Drawing an equivalence in the experiences of women around the world masks the huge differences in the economic circumstances between people in different countries. The authors of Freedom Fallacy, so critical of ‘choice’ feminists for ignoring the structural inequalities faced by women, ask no questions about the causes of global poverty and make no suggestions as to how poor countries can become more prosperous. Instead, they complain about the behaviour of men. Changing the behaviour of men might mean, at best, that disadvantage is distributed a little more equally, but it will do little to lift whole nations out of the poverty that so restricts individual freedom and choice.

When faced with relatively few opportunities to make a better, more prosperous life for themselves and their families, some women choose to escape poverty through marriage, pornography or prostitution — options that make Western middle-class feminists squeamish. Aware of the limited options available to them, women who choose sex work or ‘mail order’ marriage have decided that this is the best choice for them. Presenting these women as weak and vulnerable, as victims of male behaviour who have been deluded into thinking they were able to make a choice about their future, does them no favours whatsoever.

The authors of Freedom Fallacy draw parallels between women who choose a desperate route of poverty and wealthy Western women who, for example, opt for cosmetic surgery. They argue that both lack autonomy and the ability to consent freely to such decisions. This denies the real political and economic gains many women around the world, but especially in the more prosperous West, have made. It attaches victim status to women who are in socially and financially powerful positions, while at the same time trivialising the very real problems experienced by women in developing countries and the lengths some go to to break out of poverty.

The contributors to Freedom Fallacy are critical of women who challenge the view that patriarchy creates ‘a dominant group (men) that holds systemic, individual power over an oppressed group (women)’. They either scorn or pity women who want ‘sexual harassment rebranded as harmless banter’ or argue that ‘objectification is the new empowerment’. Unfortunately, this, like much of the analysis presented in Freedom Fallacy, seems to be at least a decade out of date. The description of a generation of sassy, confident women telling the world they are free to make their own choices stands in sad contrast to many of today’s young feminists, who seem all too ready to declare themselves vulnerable to everyday sexism, fat-shamed by adverts, the targets of rape-culture if they are catcalled in the street, or victims of lad culture if they are chatted up in the university bar. Calls for censorship, trigger warnings and safe spaces seem to be far more the hallmark of modern-day feminism than women arguing sexual harassment is harmless banter. In such a climate, suggesting that women are oppressed, have little agency and are unable to make ‘authentic choices’ simply reinforces mainstream feminist thought.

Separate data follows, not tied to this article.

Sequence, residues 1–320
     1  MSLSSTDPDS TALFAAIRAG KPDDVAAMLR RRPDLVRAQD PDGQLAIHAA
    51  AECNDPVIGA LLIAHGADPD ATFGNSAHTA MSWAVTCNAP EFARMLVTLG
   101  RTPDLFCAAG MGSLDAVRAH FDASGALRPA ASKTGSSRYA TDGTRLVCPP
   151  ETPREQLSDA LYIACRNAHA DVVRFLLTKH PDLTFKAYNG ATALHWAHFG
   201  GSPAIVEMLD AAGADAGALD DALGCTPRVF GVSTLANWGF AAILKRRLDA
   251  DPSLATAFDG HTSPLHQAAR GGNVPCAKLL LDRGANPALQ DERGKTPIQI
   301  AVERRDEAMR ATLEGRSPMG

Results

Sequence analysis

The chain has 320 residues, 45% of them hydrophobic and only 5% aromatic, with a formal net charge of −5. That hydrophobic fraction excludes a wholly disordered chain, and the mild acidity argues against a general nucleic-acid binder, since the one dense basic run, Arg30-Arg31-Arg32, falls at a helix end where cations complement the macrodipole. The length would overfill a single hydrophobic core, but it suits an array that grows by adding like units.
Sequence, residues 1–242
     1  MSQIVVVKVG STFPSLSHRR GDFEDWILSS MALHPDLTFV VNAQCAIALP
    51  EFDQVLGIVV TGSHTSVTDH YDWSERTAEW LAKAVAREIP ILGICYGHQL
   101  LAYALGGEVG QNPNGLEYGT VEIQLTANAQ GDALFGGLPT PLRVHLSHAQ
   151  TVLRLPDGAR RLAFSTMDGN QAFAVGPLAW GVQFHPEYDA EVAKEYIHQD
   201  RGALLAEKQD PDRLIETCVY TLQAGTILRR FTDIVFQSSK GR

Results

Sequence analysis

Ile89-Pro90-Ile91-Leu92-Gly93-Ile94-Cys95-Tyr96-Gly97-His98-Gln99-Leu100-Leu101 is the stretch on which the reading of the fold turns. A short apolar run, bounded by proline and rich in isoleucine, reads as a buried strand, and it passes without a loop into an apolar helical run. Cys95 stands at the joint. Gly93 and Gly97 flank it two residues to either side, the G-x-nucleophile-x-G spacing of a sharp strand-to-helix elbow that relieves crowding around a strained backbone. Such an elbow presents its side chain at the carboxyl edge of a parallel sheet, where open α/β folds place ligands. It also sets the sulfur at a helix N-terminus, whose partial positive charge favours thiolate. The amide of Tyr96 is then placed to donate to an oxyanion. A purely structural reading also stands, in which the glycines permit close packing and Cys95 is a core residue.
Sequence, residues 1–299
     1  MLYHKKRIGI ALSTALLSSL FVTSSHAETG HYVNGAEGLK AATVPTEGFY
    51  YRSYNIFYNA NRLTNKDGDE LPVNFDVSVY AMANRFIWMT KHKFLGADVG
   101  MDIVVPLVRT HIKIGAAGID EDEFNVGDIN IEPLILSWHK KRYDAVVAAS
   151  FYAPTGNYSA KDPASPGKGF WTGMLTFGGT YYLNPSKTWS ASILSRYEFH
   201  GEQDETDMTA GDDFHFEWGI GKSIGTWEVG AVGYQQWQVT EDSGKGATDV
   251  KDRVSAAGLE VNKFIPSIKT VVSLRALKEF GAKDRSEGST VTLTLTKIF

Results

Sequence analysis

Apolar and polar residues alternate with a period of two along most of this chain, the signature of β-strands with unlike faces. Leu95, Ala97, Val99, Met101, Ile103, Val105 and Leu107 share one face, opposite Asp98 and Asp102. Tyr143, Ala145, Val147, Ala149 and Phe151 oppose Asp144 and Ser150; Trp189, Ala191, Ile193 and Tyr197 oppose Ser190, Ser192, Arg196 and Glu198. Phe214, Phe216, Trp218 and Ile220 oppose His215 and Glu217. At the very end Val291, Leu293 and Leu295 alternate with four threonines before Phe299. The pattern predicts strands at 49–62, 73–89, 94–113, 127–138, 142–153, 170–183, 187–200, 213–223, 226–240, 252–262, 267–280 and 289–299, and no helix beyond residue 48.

The authors of Freedom Fallacy are right that the notion of personal freedom today is all too often trivialised as an ability to make spurious choices between different types of consumer goods. They are right that the power and freedom we have to make real choices over our destinies is all too limited. They are also correct that ‘liberation cannot be found at a purely individual level’. To achieve this liberation we need to stop dividing people according to gender and pitching men against women. Freedom Fallacy argues that issues of gender should transcend politics, but this would leave us forever locked into our biology. Instead we need politics today to transcend gender squabbles. Everyone benefits from having more control over their own lives, more freedom and more meaningful choices to make. We need to celebrate the power and agency we do have rather than desperately searching for arguments that will allow some of the most powerful people in the world to attach the label ‘victim’ to themselves.

Joanna Williams is education editor at spiked. She is also a senior lecturer in higher education at the University of Kent and the author of Consuming Higher Education: Why Learning Can’t Be Bought. (Buy this book from Amazon(UK).)

Freedom fallacy: the limits of liberal feminism, edited by Miranda Kiraly and Meagan Tyler, is published by Connor Court Publishing Pty. (Order this book from Amazon(UK).)

To enquire about republishing spiked’s content, a right to reply or to request a correction, please contact the managing editor, Viv Regan.

Topics Books